By Emily Lehmann

Dr Edwards with mesh made by our warp knit machine in the background.

Dr Edwards with mesh made by our warp knit machine in the background.

As many mums say, there is no better gift than to bring a child into the world.

What we wish most is that when the baby arrives, both mother and child are happy and healthy. However, between the pregnancy and delivery a myriad of complications can arise.

One common condition that affects almost one in four Australian women is pelvic organ prolapse.

It most often occurs as a result of childbirth when one or more organs descend from where they should be as a result of weakened ligaments, muscles and supporting tissue. The early stages can sometimes go unnoticed, but later symptoms include incontinence and sexual dysfunction.

Milder forms are treated through exercise and therapeutic medical devices (pessaries), while more severe cases require reconstructive surgery, where permanent mesh implants are added to support and aid tissue repair. In fact, it’s estimated that one in five Australian women will have surgery for the condition at some stage in their life.

Unfortunately, current mesh implants are known for causing complications.

So we’ve teamed up with researchers from Monash University to develop a new and improved mesh. It will have better mechanical properties, with the addition of stem cells to speed up tissue repair and treat the condition more effectively.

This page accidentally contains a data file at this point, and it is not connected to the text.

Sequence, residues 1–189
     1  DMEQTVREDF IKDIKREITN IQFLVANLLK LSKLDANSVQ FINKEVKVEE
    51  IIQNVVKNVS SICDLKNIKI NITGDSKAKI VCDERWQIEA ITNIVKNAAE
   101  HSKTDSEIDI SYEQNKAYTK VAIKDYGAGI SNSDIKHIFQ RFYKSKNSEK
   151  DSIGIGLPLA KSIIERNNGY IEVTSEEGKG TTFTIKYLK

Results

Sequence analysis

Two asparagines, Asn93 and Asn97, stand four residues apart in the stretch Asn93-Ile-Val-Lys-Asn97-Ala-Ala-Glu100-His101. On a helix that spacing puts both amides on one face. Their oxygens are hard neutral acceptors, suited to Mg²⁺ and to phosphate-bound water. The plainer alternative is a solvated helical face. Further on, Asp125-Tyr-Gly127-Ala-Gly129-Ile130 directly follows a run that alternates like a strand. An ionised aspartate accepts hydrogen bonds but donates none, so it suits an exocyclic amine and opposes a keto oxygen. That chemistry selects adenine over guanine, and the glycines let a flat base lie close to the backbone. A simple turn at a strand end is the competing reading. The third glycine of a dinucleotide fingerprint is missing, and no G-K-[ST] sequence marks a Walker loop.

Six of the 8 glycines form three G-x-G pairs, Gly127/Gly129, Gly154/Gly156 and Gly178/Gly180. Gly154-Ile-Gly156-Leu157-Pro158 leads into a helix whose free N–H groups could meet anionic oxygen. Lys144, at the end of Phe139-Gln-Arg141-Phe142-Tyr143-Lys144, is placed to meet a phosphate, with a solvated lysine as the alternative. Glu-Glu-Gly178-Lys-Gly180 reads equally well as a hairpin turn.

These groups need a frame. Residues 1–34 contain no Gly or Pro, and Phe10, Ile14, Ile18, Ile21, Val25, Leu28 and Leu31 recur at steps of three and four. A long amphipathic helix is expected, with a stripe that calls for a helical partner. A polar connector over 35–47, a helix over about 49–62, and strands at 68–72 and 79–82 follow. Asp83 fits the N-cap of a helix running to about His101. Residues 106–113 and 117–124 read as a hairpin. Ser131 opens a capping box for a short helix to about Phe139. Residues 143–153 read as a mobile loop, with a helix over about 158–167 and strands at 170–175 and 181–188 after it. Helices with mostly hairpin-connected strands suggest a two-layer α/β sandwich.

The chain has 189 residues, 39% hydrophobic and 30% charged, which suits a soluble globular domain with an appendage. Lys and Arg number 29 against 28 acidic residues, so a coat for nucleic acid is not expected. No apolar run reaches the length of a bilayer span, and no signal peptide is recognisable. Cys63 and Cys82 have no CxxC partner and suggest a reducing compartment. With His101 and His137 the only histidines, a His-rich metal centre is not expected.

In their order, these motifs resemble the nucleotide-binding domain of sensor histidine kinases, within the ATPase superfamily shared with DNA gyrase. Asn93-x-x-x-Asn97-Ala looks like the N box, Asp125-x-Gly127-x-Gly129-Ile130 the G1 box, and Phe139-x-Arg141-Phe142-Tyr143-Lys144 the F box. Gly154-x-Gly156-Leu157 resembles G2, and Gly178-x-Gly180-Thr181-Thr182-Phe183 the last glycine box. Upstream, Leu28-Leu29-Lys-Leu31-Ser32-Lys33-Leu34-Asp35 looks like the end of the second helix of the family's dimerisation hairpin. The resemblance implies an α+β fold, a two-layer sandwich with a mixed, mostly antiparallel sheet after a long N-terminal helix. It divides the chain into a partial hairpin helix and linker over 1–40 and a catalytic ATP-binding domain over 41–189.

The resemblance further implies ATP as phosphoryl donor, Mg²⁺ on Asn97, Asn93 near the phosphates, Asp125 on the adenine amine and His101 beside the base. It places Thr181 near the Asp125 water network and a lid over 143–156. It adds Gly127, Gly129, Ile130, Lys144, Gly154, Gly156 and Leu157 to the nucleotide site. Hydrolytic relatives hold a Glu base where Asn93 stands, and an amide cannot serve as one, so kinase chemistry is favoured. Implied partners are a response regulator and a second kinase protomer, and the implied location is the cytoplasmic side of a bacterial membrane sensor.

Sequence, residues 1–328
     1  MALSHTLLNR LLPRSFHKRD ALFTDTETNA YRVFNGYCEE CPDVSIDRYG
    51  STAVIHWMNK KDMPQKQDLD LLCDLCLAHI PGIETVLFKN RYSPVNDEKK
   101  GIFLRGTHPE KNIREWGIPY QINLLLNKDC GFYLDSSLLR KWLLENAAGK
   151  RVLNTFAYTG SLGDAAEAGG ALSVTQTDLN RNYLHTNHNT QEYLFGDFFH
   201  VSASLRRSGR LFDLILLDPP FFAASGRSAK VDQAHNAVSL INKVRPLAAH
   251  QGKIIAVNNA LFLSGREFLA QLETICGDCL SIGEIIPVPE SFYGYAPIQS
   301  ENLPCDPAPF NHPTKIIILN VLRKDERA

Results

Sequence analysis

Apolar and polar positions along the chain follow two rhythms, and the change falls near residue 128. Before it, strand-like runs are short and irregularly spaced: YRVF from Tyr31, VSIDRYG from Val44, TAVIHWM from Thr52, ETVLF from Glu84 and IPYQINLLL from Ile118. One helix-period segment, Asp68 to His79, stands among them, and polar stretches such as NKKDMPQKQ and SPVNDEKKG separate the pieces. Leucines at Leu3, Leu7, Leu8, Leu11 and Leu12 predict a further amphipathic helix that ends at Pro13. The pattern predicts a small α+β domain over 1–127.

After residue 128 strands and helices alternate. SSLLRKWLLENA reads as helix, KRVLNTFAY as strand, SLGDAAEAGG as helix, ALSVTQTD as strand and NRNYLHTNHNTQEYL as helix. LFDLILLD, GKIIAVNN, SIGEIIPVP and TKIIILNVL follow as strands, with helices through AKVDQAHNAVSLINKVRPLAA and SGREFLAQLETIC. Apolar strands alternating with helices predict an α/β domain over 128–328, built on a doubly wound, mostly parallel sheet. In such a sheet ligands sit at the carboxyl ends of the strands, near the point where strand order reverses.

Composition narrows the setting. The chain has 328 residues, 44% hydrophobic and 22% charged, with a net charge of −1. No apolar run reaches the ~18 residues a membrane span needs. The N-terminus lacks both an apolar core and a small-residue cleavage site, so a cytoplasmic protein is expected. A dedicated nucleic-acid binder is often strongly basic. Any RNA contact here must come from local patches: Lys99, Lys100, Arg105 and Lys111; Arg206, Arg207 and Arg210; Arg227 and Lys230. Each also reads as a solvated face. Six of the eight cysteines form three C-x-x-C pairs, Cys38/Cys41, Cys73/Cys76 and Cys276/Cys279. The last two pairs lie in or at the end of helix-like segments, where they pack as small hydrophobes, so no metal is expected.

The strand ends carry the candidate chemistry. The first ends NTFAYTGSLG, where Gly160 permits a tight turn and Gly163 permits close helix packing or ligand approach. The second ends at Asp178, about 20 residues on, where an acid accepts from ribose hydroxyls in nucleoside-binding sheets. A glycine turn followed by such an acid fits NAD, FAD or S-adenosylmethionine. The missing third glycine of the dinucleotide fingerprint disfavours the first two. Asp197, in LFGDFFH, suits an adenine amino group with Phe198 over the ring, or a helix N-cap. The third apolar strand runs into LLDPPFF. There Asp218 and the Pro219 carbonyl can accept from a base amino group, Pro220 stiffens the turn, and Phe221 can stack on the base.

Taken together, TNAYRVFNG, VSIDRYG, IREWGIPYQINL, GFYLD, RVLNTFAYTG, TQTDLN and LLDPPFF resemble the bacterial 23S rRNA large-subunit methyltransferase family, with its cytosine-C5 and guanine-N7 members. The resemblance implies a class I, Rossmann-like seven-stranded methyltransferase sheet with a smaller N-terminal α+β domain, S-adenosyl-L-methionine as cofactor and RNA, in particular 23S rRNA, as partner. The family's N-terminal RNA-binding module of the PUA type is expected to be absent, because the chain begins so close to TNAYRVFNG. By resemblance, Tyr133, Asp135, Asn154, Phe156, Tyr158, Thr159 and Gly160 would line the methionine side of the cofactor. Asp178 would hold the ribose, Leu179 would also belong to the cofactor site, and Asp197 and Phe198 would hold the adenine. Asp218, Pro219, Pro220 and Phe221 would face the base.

Tissue engineered mesh with seeded stem cells.

Tissue engineered mesh with seeded stem cells.

“Current mesh implants are problematic because they haven’t been designed for this purpose. They are rigid like a piece of cardboard when really they need to be flexible to move with the surrounding tissue,” says CSIRO textiles expert, Dr Sharon Edwards.

“This can cause women a range of issues including pain, discomfort, fibrosis and erosion, and in some cases further surgery is required.”

The team is investigating the use of a different polymer and warp knit pattern to fabricate a mesh that’s lightweight, elastic and porous.

“Our aim is to increase comfort, reduce the likelihood of complications and create better long-term health outcomes,” says Dr Edwards.

Dr Edwards explains how the mesh works in more detail:

Transcript available here

Find out more about how CSIRO’s health research in our interactive web graphic.

Media: Emily Lehmann T: +61 3 9545 8746 M: +61 419 271 822


  1. I was wondering how your mesh is progressing. Has there been any progress?
    Jenny Sykes

    1. Hi Jenny,
      We’re currently working with universities and the Hudson Institute of Medical Research to develop new designs for better meshes. At this stage, we are validating the quality and performance of these meshes with our multi-disciplinary team. We are still in the Research and Development phase and are now seeking opportunities for industry support to take this to the next level. Our supercomputer Percy is also helping us to understand stressful forces on the mesh that a patient would experience, you might like to check out more information on it here:
      CSIRO Social Media

      1. Hi Ellen,
        Thank you for your reply and the extra information. It will mean so much to thousands of women, me included, when this mesh is finally developed and given the OK for use in surgical procedures.
        I am looking forward to reading more about this mesh as you progress with your research.
        Kind Regards,

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